SACRAMENTO, Calif. (KTXL) -- The new year will make way for a new way of doing business for California property managers.
A handful of new laws aims to protect renters as the state tries to tackle its housing and affordability issues. The biggest impact is likely to come from California’s new anti-rent gouging ban.
"We have seen too many stories of 20%, 50%, 100% rent increases that have resulted in pushing people out of their homes, out of the state, onto the streets," said Assemblyman David Chiu, D-San Francisco.
California's new anti-rent gouging ban caps rent increases at 5% plus the cost of living for buildings that are older than 15 years old. The California Apartment Association said it is rare for those property managers to increase rent beyond that.
"In California, there's about 6 million rental units,” said CAA CEO Tom Bannon. “I would say that you're probably looking at less than 2% of the landlords that have had to go back and roll rents back."
Other new protections taking effect in 2020 include prohibiting blanket ban policies to refuse Section 8 applicants, increasing notification time for some rent increases and requiring landlords to establish just cause to evict a tenant.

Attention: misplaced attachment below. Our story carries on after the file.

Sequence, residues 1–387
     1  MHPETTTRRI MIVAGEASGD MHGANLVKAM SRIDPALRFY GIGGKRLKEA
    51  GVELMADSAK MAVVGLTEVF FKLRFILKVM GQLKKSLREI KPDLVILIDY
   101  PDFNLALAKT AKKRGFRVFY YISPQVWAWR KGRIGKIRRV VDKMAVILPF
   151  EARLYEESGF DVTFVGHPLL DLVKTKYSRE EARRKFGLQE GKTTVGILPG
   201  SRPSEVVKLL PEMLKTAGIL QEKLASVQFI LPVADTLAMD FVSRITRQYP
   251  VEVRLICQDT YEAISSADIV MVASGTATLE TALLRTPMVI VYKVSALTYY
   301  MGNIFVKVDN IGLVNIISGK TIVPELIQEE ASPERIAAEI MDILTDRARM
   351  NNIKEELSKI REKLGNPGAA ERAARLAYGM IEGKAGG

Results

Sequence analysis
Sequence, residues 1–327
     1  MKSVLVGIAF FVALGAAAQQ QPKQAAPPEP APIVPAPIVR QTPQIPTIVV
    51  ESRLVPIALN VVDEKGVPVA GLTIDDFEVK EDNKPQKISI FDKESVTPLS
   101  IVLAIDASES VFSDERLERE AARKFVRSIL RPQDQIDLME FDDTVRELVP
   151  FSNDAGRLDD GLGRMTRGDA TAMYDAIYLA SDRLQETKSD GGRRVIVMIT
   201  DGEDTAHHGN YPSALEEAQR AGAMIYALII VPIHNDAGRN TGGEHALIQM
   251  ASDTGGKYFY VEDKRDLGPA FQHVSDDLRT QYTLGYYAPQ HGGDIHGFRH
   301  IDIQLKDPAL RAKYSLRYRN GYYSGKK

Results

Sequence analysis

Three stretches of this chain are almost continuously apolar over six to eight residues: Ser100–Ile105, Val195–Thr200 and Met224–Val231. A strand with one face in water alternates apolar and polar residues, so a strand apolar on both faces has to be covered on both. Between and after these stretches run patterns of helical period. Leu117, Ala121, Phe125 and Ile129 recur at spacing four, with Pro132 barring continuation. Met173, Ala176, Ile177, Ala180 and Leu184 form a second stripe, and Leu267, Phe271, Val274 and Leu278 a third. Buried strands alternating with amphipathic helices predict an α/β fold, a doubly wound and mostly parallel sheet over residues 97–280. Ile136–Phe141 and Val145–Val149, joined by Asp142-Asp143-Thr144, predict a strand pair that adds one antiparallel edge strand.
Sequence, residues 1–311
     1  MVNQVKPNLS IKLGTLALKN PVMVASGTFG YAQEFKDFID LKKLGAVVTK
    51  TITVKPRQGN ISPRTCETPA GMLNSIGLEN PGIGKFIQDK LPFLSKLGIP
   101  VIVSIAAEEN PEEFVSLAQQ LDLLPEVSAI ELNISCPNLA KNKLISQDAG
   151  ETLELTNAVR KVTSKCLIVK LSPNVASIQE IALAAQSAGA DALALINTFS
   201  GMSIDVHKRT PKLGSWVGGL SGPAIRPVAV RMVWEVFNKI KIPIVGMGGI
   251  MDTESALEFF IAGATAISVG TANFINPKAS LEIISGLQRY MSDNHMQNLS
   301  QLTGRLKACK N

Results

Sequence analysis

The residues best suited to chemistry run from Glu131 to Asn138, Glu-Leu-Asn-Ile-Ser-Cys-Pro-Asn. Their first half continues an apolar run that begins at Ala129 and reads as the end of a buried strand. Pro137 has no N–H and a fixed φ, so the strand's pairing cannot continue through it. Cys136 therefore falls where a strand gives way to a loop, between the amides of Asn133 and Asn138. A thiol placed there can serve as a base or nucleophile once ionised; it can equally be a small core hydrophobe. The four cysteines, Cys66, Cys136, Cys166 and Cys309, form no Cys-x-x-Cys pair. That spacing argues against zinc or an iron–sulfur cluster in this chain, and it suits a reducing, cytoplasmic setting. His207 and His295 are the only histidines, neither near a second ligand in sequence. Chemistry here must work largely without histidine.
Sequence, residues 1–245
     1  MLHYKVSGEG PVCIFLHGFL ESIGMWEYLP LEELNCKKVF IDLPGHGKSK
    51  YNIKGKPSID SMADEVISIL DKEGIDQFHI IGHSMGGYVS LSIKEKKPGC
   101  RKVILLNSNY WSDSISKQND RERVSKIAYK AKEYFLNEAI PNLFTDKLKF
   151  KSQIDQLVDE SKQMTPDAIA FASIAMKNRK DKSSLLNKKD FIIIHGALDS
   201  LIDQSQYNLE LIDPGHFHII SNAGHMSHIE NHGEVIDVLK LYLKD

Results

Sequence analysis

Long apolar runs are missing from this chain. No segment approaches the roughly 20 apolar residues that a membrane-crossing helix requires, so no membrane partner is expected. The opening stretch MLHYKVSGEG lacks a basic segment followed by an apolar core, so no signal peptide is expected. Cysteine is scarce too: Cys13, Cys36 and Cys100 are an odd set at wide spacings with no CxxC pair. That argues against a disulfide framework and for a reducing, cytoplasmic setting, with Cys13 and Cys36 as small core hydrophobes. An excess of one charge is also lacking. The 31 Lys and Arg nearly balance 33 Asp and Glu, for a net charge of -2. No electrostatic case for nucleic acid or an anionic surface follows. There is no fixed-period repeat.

"We have to watch the rest of the laws in California because we want people to continue to invest. If the laws are too stringent, at the same time you want to protect residents, but if they're too stringent then investors won't invest in the industry and there won't be enough housing," Bannon said.
To try to increase housing production, the Housing Crisis Act goes into effect at the start of 2020. To speed up construction within the next five years it requires cities and counts to scale back on restrictions and processes that typically slow down development.
Ashley Zavala filed this report.